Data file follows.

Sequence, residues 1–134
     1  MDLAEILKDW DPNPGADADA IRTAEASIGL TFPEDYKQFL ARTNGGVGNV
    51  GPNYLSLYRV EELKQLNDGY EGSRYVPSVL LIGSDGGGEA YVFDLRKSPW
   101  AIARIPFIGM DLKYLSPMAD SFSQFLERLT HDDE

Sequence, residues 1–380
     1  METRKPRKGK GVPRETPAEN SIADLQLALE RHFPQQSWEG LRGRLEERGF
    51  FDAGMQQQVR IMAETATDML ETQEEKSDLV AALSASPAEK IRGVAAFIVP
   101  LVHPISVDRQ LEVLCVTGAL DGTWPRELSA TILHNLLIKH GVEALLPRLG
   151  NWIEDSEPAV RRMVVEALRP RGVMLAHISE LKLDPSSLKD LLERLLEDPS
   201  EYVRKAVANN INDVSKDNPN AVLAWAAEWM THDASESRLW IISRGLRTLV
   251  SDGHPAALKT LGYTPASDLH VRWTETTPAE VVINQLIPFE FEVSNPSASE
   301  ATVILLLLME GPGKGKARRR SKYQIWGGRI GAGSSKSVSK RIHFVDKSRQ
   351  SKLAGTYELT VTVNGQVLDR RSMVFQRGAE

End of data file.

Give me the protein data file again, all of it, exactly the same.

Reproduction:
Sequence, residues 1–134
     1  MDLAEILKDW DPNPGADADA IRTAEASIGL TFPEDYKQFL ARTNGGVGNV
    51  GPNYLSLYRV EELKQLNDGY EGSRYVPSVL LIGSDGGGEA YVFDLRKSPW
   101  AIARIPFIGM DLKYLSPMAD SFSQFLERLT HDDE

Sequence, residues 1–380
     1  METRKPRKGK GVPRETPAEN SIADLQLALE RHFPQQSWEG LRGRLEERGF
    51  FDAGMQQQVR IMAETATDML ETQEEKSDLV AALSASPAEK IRGVAAFIVP
   101  LVHPISVDRQ LEVLCVTGAL DGTWPRELSA TILHNLLIKH GVEALLPRLG
   151  NWIEDSEPAV RRMVVEALRP RGVMLAHISE LKLDPSSLKD LLERLLEDPS
   201  EYVRKAVANN INDVSKDNPN AVLAWAAEWM THDASESRLW IISRGLRTLV
   251  SDGHPAALKT LGYTPASDLH VRWTETTPAE VVINQLIPFE FEVSNPSASE
   301  ATVILLLLME GPGKGKARRR SKYQIWGGRI GAGSSKSVSK RIHFVDKSRQ
   351  SKLAGTYELT VTVNGQVLDR RSMVFQRGAE